Appellants argue that the feedlot expansion will increase the levels of noise and dust in the area.  In support of this assertion, appellants rely on testimony of a farmer who lives within one-half mile of another large feedlot who complains about the noise from the exhaust fans that run constantly in the confinement barn.  Appellants presented no other relevant evidence on this issue.  The board found that the noise and dust from the proposed feedlot would not have a significant effect on appellants because of the distance from the feedlot to area residences and the trees that will surround the feedlot.  We conclude that the board’s holding is supported by substantial evidence and is not unreasonable, arbitrary, or capricious.

            I.          Release of antibiotic-resistant bacteria

 

Finally, appellants assert that the use of antibiotics at the proposed feedlot may create antibiotic-resistant bacteria that could escape into the area water supply and harm area residents.  In support of this assertion, appellants rely on several studies discussing the creation of antibiotic-resistant bacteria within confined animal feeding operations.  It appears to be undisputed that hogs in feedlots are often given antibiotics to keep them healthy and that there are studies showing that manure pits in large feedlots may harbor antibiotic-resistant bacteria as a result of the use of antibiotics.  The board held that appellants’ argument regarding antibiotic-resistant bacteria is purely speculative and does not demonstrate the potential for significant environmental effects in this case.  While appellants may be correct that the use of antibiotics in animals in feedlots may cause problems with antibiotic-resistant bacteria, appellants did not present any specific material evidence demonstrating that antibiotic-resistant bacteria may pose a significant environmental concern in this case.  The use of antibiotics in animals raised in feedlots and the effects of the antibiotics in animals on the public are issues of public policy that would be more appropriately addressed by the legislature.  On this record, we conclude that the board’s holding, that appellants’ argument regarding antibiotic-resistant bacteria is speculative, is supported by substantial evidence and is not unreasonable, arbitrary, or capricious.

III.       Conclusion

            Appellants have provided material evidence demonstrating that there has been flooding in the area where Bonnstetter intends to knife the manure into the ground, that there are shallow wells, and that there may be uncapped wells in the area.  Appellants have also provided evidence showing that large hog feedlots may emit harmful chemicals and odors into the air and that there are homes, a church, and people with health problems in the area that may be adversely affected by chemicals and odors created by the feedlot expansion.  Furthermore, appellants have provided evidence showing that excess water from the area where the manure will be knifed into the ground drains into Beaver Creek, which already has contamination problems, and that wells in the area already have high nitrate problems that may be exacerbated by the spreading of additional manure in the area.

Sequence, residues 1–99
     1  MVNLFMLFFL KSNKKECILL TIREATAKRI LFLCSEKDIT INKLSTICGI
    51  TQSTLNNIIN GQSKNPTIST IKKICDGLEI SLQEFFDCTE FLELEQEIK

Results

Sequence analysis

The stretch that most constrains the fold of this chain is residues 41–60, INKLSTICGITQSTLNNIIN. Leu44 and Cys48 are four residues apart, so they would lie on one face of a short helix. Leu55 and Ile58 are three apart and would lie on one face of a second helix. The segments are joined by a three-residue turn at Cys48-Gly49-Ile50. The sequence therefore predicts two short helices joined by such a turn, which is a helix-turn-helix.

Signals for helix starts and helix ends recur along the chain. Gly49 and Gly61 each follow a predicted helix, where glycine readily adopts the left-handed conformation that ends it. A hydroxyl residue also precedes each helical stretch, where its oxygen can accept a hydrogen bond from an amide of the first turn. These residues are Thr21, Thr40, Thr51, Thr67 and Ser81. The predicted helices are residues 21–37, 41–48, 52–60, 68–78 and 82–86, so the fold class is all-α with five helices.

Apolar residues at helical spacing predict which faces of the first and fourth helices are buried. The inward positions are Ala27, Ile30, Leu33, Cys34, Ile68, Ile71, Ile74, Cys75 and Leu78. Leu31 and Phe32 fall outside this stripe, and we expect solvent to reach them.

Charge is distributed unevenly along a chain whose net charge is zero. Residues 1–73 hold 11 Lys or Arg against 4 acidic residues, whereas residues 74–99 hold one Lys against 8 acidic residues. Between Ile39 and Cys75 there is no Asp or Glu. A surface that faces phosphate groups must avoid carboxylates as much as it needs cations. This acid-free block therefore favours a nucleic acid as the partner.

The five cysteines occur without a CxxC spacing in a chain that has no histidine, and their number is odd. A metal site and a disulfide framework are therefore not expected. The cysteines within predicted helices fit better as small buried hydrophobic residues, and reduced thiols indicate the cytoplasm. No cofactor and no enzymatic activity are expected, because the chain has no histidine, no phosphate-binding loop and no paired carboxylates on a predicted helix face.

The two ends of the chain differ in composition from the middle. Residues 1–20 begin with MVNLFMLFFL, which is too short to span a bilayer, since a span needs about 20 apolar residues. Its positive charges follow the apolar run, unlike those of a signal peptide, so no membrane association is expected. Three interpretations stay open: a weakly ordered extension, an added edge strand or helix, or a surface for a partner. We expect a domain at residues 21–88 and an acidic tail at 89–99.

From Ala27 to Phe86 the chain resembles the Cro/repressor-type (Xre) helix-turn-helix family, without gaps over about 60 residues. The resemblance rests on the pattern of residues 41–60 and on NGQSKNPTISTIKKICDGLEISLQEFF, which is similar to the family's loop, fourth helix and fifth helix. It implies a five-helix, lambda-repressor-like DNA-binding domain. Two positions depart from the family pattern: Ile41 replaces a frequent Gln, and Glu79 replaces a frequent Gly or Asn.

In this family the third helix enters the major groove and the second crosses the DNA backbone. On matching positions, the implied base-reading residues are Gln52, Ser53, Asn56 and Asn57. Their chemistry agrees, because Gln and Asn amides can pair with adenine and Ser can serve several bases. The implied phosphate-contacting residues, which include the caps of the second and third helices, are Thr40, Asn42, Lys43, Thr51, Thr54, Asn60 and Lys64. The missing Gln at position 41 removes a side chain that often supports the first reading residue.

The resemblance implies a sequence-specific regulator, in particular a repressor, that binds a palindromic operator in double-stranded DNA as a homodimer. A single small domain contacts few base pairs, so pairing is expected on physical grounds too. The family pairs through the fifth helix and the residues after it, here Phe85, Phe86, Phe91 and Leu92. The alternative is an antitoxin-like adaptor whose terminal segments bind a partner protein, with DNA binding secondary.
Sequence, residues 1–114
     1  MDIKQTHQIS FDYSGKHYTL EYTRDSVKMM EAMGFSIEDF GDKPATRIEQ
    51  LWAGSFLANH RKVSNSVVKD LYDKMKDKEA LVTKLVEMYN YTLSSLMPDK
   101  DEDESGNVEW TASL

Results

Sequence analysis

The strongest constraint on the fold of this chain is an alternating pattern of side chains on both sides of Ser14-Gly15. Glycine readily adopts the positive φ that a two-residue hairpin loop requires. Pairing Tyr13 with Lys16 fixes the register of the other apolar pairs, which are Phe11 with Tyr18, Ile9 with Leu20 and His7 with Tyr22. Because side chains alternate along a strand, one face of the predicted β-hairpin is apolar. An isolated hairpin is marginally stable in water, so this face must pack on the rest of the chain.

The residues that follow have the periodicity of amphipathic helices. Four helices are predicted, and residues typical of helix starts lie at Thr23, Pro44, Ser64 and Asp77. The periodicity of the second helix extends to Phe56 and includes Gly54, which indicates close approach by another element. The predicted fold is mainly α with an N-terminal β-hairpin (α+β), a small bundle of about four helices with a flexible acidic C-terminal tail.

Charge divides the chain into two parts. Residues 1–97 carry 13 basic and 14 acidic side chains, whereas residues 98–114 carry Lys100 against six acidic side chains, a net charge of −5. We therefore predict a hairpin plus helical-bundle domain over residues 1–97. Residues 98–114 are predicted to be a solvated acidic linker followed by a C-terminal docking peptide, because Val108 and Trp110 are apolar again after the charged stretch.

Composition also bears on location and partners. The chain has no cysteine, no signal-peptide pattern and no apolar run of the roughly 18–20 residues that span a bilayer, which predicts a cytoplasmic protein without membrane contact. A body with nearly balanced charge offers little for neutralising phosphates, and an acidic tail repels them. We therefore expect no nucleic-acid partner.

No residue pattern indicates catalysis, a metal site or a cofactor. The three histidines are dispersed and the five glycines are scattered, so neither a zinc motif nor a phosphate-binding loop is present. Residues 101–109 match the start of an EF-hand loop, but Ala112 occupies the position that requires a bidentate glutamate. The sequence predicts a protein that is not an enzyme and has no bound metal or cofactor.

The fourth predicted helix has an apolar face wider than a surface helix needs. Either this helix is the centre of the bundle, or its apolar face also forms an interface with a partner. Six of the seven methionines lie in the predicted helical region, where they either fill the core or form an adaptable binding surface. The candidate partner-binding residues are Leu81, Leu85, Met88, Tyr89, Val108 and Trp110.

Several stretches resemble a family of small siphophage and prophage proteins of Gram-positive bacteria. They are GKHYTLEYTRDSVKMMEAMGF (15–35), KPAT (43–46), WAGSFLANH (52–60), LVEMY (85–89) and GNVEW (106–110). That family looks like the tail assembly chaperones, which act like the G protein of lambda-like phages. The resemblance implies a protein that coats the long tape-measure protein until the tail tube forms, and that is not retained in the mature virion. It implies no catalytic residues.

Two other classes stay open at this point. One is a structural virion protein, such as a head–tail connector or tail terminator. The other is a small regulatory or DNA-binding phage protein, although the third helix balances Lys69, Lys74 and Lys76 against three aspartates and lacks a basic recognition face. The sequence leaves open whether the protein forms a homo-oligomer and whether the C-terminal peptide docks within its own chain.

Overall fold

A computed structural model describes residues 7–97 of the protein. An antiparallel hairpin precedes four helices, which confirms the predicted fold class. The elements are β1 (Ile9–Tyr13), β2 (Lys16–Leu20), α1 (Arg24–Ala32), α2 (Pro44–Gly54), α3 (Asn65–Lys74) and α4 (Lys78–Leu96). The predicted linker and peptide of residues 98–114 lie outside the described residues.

Appellants are not required to prepare a comprehensive analysis of scientific evidence demonstrating potential adverse environmental effects to have an EAW prepared.  The EAW is a document that is intended to set out the basic facts, and the legislature did not hold petitioners for an EAW to a very high standard.  Minn. R. 4410.1000 (stating EAW serves as basis just to begin scoping process for an EIS).  Appellants need only make a good-faith showing that there may be the potential for significant environmental effects.  Based on this record, we conclude that the board acted unreasonably, arbitrarily, and capriciously by finding that appellants did not present material evidence showing that there may be the potential for significant environmental effects as a result of the proposed feedlot expansion and by denying their petition for an EAW.

            Reversed.

 



[1]Bonnstetter applied for a conditional use permit (CUP) to expand his hog feedlot by 680 animal units (approximately 2,267 hogs) on April 22, 2002.  (One hog weighing between 55 pounds and 300 pounds is equal to 0.3 animal units.  Minn. Stat. § 116.06, subd. 4a(6)(ii) (2002)).  After a hearing before the Murray County Board of Commissioners, Bonnstetter’s CUP was approved with the following conditions: (1) Bonnstetter shall comply with all laws, rules, and regulations as they apply to the project; (2) dead livestock shall be rendered or composted; (3) the CUP shall be reviewed annually to see that all conditions are being met; (4) Bonnstetter shall sign a written agreement with the township on the maintenance of roads before the project can begin; (5) trees shall be planted to try to control odor, and three rows of trees shall be planted within the year 2002; and (6) Bonnstetter and Ellsborough Lutheran Church shall work together on special events regarding the scheduling of the pumping of the manure pit.

[2] The manure would be knifed into the ground as opposed to spread on the ground. 

[3] An environmental impact statement must be prepared “[w]here there is potential for significant environmental effects resulting from any major governmental action.”  Minn. Stat. § 116D.04, subd. 2a (2002).